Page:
Last week I shared the most common myth about what a yoga body looks like. You can find that post here to catch up on why we don't all have to be super flexible, as well as how our assumptions and comparisons prevent too many of us from trying yoga at all.
Today I want to share my chat with Susan Hartley, a newly trained yoga teacher at the wonderful age of 68. She has a lot of insight to share about how yoga has changed for her over the past 40 years, and definitely takes aim at the myth that yoga is only for the young. Welcome to Part 2 of What a Yoga Body Looks Like.
T: So you've doing yoga for a while!
S: Yes, so I'm in my late 60's, I'll be 69 this year. As I was thinking about it I realized that I was exposed to yoga, well transcendental meditation, when I was in college. Yoga has kind of come in and out of my life since then. I graduated in 1973. I think it was after college I was first exposed to yoga through a volunteer organization in a church, but I didn't really start doing yoga until we moved to Denver, and then I was in my 30's, about 1983.
Some friends and I started doing yoga with a teacher and there were just 3 or 4 of us, so I didn't do yoga in a studio like I do now. I learned how to do the poses correctly with her, but I was always really interested in spirituality and so yoga has always had a spiritual focus for me, maybe because meditation came first.
It was in my early 60s that I first tried hot yoga. I really liked it and did it a couple days a week until I fell out of pose and broke a metatarsal in my foot. Then I was out for three months with a boot and I happened to be having a lunch with a friend when I found Mind Body Life (the yoga studio where I teach and Susan & I met). I loved the level of yoga they were doing for my age.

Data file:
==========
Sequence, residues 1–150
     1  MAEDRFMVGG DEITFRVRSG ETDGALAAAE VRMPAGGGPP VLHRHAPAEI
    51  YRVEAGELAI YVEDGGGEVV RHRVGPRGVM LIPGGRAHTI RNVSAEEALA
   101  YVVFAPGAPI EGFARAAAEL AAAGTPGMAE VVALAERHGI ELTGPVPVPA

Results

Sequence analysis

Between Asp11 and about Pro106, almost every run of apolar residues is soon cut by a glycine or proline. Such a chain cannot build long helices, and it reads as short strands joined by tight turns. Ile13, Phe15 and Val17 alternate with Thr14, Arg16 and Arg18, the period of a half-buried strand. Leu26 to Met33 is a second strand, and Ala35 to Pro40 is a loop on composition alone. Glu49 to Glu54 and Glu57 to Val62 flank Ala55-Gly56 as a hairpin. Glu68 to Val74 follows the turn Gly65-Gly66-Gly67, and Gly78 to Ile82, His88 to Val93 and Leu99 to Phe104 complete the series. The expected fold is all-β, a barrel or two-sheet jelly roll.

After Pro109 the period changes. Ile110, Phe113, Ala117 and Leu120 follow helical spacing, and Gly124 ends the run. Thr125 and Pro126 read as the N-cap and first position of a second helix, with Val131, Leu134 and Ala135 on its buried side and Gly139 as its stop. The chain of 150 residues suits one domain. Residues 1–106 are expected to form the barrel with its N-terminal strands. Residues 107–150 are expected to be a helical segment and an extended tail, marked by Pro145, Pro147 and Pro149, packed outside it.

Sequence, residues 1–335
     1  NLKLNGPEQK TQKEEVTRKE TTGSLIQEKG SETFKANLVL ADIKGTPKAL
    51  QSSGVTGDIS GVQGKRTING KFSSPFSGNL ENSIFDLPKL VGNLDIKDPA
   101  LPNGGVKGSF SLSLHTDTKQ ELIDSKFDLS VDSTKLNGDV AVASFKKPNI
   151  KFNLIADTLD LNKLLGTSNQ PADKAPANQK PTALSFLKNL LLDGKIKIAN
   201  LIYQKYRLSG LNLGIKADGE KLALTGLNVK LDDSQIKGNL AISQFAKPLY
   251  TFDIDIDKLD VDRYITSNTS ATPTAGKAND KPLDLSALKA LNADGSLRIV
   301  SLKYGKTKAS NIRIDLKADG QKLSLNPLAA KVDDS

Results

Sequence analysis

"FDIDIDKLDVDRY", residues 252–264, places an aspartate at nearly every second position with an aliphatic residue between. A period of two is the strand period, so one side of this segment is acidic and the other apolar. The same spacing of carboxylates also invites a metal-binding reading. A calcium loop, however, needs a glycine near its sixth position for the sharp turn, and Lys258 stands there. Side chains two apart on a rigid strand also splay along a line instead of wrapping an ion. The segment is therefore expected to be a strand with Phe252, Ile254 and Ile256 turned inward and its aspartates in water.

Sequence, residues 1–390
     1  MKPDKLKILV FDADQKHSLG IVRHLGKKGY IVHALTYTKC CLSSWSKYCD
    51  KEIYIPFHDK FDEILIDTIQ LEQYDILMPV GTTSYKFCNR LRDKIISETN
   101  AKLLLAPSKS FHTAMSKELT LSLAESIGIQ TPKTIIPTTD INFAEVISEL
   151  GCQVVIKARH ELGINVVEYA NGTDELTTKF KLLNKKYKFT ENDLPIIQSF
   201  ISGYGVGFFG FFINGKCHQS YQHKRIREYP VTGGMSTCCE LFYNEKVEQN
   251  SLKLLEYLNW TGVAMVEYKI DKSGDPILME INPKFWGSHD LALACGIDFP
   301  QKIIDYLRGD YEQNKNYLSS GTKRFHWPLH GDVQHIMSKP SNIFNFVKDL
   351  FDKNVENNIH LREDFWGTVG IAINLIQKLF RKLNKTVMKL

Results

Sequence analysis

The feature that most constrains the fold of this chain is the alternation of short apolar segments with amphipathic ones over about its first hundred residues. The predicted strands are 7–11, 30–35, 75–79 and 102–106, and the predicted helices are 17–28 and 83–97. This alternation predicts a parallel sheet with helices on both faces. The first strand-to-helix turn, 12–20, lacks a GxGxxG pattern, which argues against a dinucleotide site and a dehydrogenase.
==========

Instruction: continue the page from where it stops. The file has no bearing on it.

T: What do you love about it?
S: It isn't heated and it's challenging, but in a different way. I think as you get older you don't want to get injured. At this point in my life I don't need to do anything where I feel I'm going to hurt my body because then I can't do anything, right? It's just perfect for me. It's five minutes from my house, I've always really loved yoga, and so I just started coming and literally the past three years I come every day if I'm in town.
T: What was yoga all about for you when you first started? How did it help you in your life at that moment?
S: I was part of the hippy generation and there were a lot of things changing then. People were trying new things and exploring different ways of expressing who you were. I was raised Catholic and so even meditation, I wasn't sure it was ok to do it when I first started out. That time period was a really unique time and there was a lot of soul searching. Not that people don't do that today, but it felt different then. And for me, that's what it was about, soul searching, exploring who I was at that time.
T: How has yoga changed for you over the years?
S: The spiritual aspect has always been strong, but the physical aspect has changed, for sure. I think when you're younger there's probably a little more ego involved because you want to do the poses well. Now I want to do the poses correctly and I just do what I can do because I don't want to get injured.
"If I can't do something I don't force it and I don't get caught up in the fact that I can't do it. I just do what I can do".
S: Sometimes I go to more difficult classes like the fitness fusion class because I know it's important to continue to do weight exercises for your bones, but I pay attention to what I can do, not what everyone else can do.
T: You recently completed your 200-hour Yoga Teacher Training. Congratulations! That is quite a commitment. What inspired you to take it now?
S: My daughter had just done a yoga teacher training and I thought I would just love to learn more about yoga. It was a little intimidating to me to teach in front of people with a group of people that I didn't know, but really it was the perfect situation because it was a small group, a really loving environment, and I know the teachers well.
I'd been practicing yoga for years, I loved the calming of the mind and all that, and I knew the spiritual side existed, but I had never really studied it. So for me, the last four months were really about diving in to that aspect of yoga. I feel like I understand so much more now. I used to feel intimidated to go to other classes, but now I don't. For me yoga is about the experience, not just the poses.
T: I completely agree. I often think too it's not about what you can do on the mat, it's about how you feel when you're done. Whether you're coming for the physical workout or the inner work, the feeling you leave with is the more important part.